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Legitimacy on Lockdown – Xi’s Misguided Policy is Creating a Problem for the CCP

Since its inception, the Chinese Communist Party (CCP) has relied on historic narratives as the basis of its validity as the ruling body of China. By continuing to wage a zero-COVID policy and mandate harsh lockdowns on some of its largest cities, President Xi Jinping and the CCP are exposing faults in the foundation of their narratives, and damaging the legitimacy of their rule just as China approaches the vital 20th Party Congress later this year.

The Chinese Communist Party’s legitimacy with the country’s populous at large is built on a foundational narrative the CCP itself constructed and continues to espouse in which it, the Party, is the sole reason China was able to pull itself out of being a weak, backwards third world civilization, often beset by foreign aggressors, into a prosperous, technologically advanced, economic power with upward mobility and a growing middle class. Upholding its claims to the Chinese people as the caretaker and guardian of China’s wellbeing, growth, and territorial claims is of the utmost importance for an authoritarian government trying to maintain legitimacy and power in a country with slowing economic growth and a population with increasing demand for social liberties.

Trying to sustain a strategy of altogether eliminating a highly contagious, airborne disease in a country with a global footprint and population of nearly 1.5 billion people is an impossibility. But rather than push for mass inoculation and the use of available vaccines, Xi has maintained a misguided course of zero-COVID and mass lockdowns, including its financial hub of Shanghai, leading to economic peril and supply chain woes the world over.

The zero-COVID strategy worked fairly well for Xi early in the pandemic with much less contagious strains of the virus, but continued mutations and much more infectious variations, a zero-COVID strategy not only fails to meet with reality, but exposes the very weaknesses the CCP has worked so hard to shroud through its narratives.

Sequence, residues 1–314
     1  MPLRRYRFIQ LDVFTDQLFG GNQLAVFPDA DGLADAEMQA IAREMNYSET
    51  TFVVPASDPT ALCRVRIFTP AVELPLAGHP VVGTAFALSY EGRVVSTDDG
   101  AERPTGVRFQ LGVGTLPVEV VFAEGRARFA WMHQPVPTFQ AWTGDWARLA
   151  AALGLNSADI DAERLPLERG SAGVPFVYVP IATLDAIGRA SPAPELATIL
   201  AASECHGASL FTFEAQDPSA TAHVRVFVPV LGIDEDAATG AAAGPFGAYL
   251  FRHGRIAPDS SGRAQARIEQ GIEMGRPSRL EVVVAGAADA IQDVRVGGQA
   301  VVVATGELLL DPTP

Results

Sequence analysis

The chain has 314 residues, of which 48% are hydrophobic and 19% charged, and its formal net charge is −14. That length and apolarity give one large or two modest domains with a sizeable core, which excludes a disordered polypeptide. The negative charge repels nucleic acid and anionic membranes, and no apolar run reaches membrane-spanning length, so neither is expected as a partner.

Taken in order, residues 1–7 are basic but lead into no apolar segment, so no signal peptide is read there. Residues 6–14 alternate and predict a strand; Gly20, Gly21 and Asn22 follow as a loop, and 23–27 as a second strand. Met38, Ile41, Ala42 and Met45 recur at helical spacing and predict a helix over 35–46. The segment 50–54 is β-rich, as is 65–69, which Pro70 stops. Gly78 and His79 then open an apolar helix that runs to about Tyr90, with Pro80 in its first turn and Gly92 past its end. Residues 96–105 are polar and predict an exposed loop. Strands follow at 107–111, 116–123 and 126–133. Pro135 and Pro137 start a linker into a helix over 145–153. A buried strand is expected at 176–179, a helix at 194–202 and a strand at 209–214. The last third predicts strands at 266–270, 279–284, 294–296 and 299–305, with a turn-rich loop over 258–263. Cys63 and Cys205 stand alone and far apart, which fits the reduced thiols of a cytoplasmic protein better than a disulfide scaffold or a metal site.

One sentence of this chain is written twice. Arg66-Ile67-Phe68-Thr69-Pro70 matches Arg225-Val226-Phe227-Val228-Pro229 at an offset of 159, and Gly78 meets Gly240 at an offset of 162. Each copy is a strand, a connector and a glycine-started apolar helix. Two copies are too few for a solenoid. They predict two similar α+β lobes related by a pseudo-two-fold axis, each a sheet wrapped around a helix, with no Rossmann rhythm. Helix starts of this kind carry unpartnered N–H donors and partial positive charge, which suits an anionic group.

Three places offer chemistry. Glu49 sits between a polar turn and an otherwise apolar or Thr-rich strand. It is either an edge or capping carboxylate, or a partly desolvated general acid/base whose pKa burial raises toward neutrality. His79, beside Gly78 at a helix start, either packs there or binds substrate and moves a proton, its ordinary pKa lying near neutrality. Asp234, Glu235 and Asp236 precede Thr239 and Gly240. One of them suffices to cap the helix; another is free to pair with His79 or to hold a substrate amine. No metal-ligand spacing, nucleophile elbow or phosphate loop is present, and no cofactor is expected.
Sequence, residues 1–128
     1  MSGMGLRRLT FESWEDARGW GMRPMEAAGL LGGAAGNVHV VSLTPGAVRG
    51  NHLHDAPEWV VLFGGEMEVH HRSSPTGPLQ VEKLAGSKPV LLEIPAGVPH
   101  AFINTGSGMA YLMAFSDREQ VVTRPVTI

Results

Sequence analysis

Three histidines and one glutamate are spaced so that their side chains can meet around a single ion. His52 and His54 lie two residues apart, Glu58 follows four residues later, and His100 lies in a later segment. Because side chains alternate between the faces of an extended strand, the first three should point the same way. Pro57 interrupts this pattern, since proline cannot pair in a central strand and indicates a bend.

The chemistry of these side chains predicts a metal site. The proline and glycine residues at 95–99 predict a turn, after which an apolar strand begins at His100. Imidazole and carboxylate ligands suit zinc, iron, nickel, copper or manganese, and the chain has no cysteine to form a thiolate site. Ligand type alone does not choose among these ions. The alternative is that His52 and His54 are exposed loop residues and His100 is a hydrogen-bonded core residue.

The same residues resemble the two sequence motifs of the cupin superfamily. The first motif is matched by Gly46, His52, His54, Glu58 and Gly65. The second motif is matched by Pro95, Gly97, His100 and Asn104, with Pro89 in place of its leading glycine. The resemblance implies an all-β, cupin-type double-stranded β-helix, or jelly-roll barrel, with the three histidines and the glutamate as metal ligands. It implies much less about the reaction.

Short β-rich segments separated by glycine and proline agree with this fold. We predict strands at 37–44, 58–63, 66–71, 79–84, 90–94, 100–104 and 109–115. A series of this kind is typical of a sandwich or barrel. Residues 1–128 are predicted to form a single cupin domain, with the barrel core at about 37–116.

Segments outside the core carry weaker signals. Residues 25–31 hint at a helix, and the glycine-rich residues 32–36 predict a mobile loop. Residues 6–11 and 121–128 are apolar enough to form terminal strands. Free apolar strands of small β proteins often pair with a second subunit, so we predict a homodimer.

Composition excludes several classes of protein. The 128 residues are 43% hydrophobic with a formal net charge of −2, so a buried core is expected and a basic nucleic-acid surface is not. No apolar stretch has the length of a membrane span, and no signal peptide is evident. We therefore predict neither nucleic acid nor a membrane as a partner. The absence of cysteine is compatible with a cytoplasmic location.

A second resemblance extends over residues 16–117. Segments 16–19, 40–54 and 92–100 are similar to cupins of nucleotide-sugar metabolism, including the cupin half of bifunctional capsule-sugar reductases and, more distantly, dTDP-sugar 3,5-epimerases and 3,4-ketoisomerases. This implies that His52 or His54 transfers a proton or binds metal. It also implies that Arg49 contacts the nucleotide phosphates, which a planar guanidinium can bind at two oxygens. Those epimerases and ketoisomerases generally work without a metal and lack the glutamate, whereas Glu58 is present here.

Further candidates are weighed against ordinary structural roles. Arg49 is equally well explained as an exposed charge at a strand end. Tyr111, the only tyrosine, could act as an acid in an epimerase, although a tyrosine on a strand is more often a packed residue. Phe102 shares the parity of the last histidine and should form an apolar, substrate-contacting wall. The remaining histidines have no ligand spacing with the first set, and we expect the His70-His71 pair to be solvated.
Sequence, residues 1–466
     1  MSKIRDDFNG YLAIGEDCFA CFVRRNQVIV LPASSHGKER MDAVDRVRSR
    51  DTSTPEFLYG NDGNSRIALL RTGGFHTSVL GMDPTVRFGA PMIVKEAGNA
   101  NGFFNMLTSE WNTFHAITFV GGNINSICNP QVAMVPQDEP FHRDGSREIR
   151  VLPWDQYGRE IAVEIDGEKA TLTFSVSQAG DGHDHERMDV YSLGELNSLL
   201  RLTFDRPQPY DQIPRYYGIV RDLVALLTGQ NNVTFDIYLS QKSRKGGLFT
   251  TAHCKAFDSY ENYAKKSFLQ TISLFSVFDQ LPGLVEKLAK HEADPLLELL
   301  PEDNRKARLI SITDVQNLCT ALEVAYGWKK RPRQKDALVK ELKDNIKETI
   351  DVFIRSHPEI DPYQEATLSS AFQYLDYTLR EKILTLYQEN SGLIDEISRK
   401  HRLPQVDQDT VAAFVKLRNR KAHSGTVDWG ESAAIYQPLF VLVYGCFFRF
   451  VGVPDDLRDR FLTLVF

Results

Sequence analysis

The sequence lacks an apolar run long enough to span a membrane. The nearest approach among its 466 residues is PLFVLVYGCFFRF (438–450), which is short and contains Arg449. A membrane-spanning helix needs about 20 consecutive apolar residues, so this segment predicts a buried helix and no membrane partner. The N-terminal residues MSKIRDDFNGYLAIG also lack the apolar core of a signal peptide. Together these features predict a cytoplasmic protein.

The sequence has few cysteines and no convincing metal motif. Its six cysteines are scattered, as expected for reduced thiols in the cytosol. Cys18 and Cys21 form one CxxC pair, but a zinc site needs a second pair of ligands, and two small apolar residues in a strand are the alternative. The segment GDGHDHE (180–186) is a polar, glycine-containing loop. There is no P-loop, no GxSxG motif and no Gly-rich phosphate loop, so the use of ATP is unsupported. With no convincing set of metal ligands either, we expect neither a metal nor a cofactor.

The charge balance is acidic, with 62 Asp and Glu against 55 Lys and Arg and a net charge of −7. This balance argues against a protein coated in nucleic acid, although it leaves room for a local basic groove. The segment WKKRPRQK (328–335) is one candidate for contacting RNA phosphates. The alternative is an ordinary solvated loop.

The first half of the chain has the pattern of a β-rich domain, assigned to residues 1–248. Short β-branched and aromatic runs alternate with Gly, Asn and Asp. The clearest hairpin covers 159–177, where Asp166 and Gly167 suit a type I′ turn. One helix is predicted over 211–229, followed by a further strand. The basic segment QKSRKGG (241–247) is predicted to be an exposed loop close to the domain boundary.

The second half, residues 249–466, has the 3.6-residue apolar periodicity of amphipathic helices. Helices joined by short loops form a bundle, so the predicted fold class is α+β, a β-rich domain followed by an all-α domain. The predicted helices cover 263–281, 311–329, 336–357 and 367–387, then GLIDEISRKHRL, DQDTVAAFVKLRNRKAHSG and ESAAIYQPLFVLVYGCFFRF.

Chinese workers on a lunch break
Chinese workers on a lunch break.

The Chinese people are typically aware that Chinese COVID-19 vaccines are not nearly as effective as Western vaccines, and they are aware a zero-COVID policy and prolonged lockdowns are a fool’s errand. But for the most part, they have gone along with these government mandates mainly because in an authoritarian state they do not have much of a choice, but also due to the sentiment that the state knows best – after all, the narrative says it was the CCP that got China this far in the first place.

However, therein lies the fundamental issue with Xi’s policy. When the CCP’s narrative begins to show cracks, when they no longer uphold their end of the bargain, and the Chinese people – who have come to expect a greater and continually increasing quality of life, economic growth, and social mobility – lose the very things the Party promised them that only it can provide, or it takes those things away, the Party’s legitimacy and stability quickly starts to deteriorate.

These foundations are often much more fragile than they appear on the surface, as evidenced even in American democracy following the 2020 U.S. presidential election. And the CCP doesn’t need to look too far back to find examples from its own history when misguided and unpopular government policies nearly toppled the regime at Tiananmen just over 30 years ago. It only takes one or two slight events to align and a structure which appeared sound can start to fall apart.

The approaching 20th Party Congress taking place later this year is tantamount to Xi’s power and position going forward in the Party, as well as the CCP’s makeup and control. A lot is at stake for both and neither can afford costly missteps leading up to it. But the insular nature of Xi’s regime, much more so than under Hu Jintao or Jiang Zemin before him, as Xi has cracked down on in-Party opposition, removed most political rivals, and tightened the authoritarian structures of the state, has created a situation where opposing views on how to handle the pandemic are either not made or not voiced to an insulated Politburo Standing Committee.

Xi and the CCP cannot afford to look weak or fallible leading up to the 20th Party Congress, and doing an about face on their COVID policy would in the short-term be admitting fault to the Chinese people. But by continuing its current flawed policy, Xi and his Party are cutting off their nose to spite their face as zero-COVID lockdowns are squelching China’s economy and turning public opinion on their ability and willingness to adjust to reality.

History is religion in China, and Beijing is well aware of how authoritarian governments have collapsed seemingly in an instance in the past. The Hungarian uprising in 1956, the Berlin Wall coming down in a moment of misperception in a changing atmosphere in 1989, and the USSR in 1991 in a vague moment of confusion and shifting policies are all reminders to Beijing how quickly fissures in the institution can affect the stability of the powers that be.

Zero-COVID or not, the COVID-19 pandemic will not last forever, and a short-term legitimacy crisis may not appear to be a long-term dilemma for the CCP. However, the impact on the Chinese economy and to the public perception of the CCP due to its stubborn pandemic policy may expose many other fractures in the system, destabilize already delicate structures, and has the potential to set in motion small things that could potentially snowball into something that threatens to topple it all.